Imiquimod is a toll-like receptor 7 agonist that stimulates the innate arm of the cutaneous immune system.11 Since the development of imiquimod as a field therapy for the treatment of AKs in nonimmunocompromised individuals, its evolution has undergone changes in drug concentrations and dosing regimen frequency and duration. Its introduction in the United States was as a 5% cream applied twice weekly for 16 weeks to actinically damaged skin of the face.12,13 The 5% cream dosing regimen was modified and approved in the European Union as a 3 times weekly application for 4 weeks followed by a 4-week rest period followed by a second cycle of 3 times weekly applications for 4 weeks.8
The most recent step in the dosing evolution of imiquimod in nonimmunocompromised patients involves 2.5% or 3.75% imiquimod cream used once daily during a treatment cycle of 2 weeks on, followed by 2 weeks with no treatment and 2 weeks on, with the cream applied to the entire face and balding scalp.14,15 Individual AK median clearance rates from the pivotal phase 3 trials involving the face and scalp were 80%. However, from an adherence standpoint, cosmetic downtime during and after treatment still remains a significant challenge from a patient perspective and is often in excess of 6 weeks when treating the face.
The next step in the evolution of imiquimod to treat field cancerization may involve its use as a chronic field therapy. It is widely accepted that actinic damaged skin (ie, field cancerization) is a chronic cutaneous disease with the potential to evolve into invasive SCC. Despite this awareness and the chronic nature of AKs, treating clinicians continue to “spot” treat actinically damaged skin using cryotherapy and in the majority of situations underutilize field therapy. Even when field therapies are used, AK recurrence rates post-field therapy are disappointingly high 1-year posttreatment and in the range of 50%.16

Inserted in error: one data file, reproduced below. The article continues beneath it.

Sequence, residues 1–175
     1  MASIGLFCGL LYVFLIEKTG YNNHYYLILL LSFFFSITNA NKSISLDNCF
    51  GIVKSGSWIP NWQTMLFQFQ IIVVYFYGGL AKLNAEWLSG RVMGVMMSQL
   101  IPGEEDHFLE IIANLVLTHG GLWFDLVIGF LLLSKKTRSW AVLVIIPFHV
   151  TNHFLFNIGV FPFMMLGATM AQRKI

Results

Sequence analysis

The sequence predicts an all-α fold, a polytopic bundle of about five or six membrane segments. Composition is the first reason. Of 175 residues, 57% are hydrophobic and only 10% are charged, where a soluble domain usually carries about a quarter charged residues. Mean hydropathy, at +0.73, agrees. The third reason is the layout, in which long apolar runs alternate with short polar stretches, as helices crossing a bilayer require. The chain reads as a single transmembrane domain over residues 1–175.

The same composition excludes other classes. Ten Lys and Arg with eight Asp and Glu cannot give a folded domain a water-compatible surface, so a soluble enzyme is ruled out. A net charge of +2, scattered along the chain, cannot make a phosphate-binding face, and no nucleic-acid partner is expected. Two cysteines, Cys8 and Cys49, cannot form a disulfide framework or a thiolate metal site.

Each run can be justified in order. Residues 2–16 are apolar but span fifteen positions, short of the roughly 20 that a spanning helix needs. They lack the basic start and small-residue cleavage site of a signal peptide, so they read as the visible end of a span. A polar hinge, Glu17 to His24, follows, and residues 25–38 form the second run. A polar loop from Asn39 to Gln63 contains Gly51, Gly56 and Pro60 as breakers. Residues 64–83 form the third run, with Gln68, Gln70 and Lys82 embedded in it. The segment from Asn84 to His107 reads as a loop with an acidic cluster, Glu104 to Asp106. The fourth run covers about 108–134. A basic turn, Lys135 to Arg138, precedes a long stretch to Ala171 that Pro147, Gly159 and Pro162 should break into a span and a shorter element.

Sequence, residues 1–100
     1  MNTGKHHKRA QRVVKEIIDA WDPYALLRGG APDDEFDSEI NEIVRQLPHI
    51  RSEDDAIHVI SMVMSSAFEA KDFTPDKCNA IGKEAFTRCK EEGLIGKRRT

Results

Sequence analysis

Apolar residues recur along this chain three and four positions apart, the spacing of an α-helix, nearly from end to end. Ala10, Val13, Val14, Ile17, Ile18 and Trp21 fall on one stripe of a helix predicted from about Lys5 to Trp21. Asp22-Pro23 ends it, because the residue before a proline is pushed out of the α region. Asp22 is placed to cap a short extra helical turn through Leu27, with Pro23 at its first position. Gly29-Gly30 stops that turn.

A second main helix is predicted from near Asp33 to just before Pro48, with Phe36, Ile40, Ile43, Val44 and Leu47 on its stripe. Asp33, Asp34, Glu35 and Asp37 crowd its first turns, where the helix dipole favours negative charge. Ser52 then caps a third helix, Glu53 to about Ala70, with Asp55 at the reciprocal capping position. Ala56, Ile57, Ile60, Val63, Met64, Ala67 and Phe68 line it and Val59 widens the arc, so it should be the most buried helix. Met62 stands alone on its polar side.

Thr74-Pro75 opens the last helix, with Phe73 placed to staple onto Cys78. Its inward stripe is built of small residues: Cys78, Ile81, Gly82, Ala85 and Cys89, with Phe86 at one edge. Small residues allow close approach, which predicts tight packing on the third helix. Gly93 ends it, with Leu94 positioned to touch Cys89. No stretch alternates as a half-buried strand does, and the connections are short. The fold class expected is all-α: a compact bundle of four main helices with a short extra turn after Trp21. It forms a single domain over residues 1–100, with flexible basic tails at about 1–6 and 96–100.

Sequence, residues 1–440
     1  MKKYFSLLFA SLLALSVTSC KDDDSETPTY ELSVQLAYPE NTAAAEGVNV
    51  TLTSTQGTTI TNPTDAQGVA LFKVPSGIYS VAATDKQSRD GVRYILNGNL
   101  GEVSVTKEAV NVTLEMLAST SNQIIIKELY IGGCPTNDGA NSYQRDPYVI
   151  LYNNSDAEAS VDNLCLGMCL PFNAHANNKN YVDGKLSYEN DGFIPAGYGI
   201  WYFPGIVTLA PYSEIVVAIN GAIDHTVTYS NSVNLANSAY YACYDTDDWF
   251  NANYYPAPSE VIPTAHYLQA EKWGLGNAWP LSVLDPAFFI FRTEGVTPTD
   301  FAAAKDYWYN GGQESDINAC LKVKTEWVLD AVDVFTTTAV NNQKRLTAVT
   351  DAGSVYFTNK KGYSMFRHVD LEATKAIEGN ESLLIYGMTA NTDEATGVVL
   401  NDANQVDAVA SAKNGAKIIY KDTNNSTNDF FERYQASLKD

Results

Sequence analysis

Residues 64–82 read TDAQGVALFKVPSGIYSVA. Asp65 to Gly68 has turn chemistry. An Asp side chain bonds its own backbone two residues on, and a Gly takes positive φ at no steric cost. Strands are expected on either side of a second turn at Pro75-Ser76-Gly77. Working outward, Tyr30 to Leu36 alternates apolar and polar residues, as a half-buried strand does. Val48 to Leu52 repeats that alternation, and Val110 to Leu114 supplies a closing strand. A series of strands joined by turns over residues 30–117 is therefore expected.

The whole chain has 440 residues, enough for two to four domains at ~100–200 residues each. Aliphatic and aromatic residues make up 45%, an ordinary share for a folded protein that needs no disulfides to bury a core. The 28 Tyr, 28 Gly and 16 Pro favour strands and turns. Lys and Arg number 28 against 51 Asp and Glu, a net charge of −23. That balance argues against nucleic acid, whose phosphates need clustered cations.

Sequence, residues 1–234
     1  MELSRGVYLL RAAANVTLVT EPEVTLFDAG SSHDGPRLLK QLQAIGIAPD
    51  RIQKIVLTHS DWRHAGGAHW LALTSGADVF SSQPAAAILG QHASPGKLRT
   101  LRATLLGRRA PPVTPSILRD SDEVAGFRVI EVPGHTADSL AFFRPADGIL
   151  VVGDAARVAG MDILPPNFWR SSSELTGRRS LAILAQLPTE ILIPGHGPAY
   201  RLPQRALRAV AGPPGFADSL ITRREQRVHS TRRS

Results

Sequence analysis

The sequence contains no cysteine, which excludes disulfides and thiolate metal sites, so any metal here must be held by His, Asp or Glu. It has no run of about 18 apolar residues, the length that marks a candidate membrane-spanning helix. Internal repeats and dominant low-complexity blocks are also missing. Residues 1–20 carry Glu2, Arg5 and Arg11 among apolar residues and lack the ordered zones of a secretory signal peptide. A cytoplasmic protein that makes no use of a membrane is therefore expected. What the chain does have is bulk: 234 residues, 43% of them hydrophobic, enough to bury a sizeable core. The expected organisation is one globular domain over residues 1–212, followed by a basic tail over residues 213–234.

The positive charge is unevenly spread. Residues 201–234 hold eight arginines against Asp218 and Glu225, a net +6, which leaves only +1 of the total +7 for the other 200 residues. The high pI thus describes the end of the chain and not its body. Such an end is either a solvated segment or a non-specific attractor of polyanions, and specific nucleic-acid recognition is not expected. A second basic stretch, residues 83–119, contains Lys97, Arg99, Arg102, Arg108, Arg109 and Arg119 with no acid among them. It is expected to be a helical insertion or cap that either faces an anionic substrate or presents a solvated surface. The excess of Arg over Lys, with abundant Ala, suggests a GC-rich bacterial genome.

To augment our use of field therapies, patient counselling often involves recommending the use of sunscreen, protective clothing, sun avoidance, the use of a topical retinoid, and oral vitamin B3 (nicotinamide) 500 mg twice a day.5,17,18 While the implementation of these preventive measures is important, active field therapy for treating field cancerization is episodic, usually undertaken only a few times a year, and results in unacceptable recurrence rates.
Ideally a field therapy regimen should include ongoing treatment on a daily or weekly basis. Additionally, it should involve no ongoing patient cosmetic downtime that would interrupt therapy and have an excellent efficacy and safety profile. To that end, a regimen of chronic imiquimod immune stimulation to achieve sustained long-term AK clearance in nonimmunocompromised patients has been studied.16,19 Initial insight into the potential of imiquimod as a chronic field therapy option was provided by a proof of concept study in which 15 patients were treated once weekly with 5% imiquimod for 6 months.19
The treatments were well tolerated and a qualitative reduction in AKs resulted.
Building on the notion that chronic immune stimulation using imiquimod long term (ie, greater than 1 year) could reduce AKs and be well tolerated, a proof of concept study16 was initiated in 30 patients. Immunocompromised and autoimmune disease patients were excluded. The regimen involved an initial application of 3.75% imiquimod daily to the entire face for 1 week. This was followed by a 2-week rest period after which 3.75% imiquimod was applied once weekly to the entire face indefinitely. The patients are being followed clinically and photographically for recurring AKs and skin cancer. It has been observed that patients are experiencing a marked reduction in the incidence of new and recurrent AKs as well as nonmelanoma skin cancer.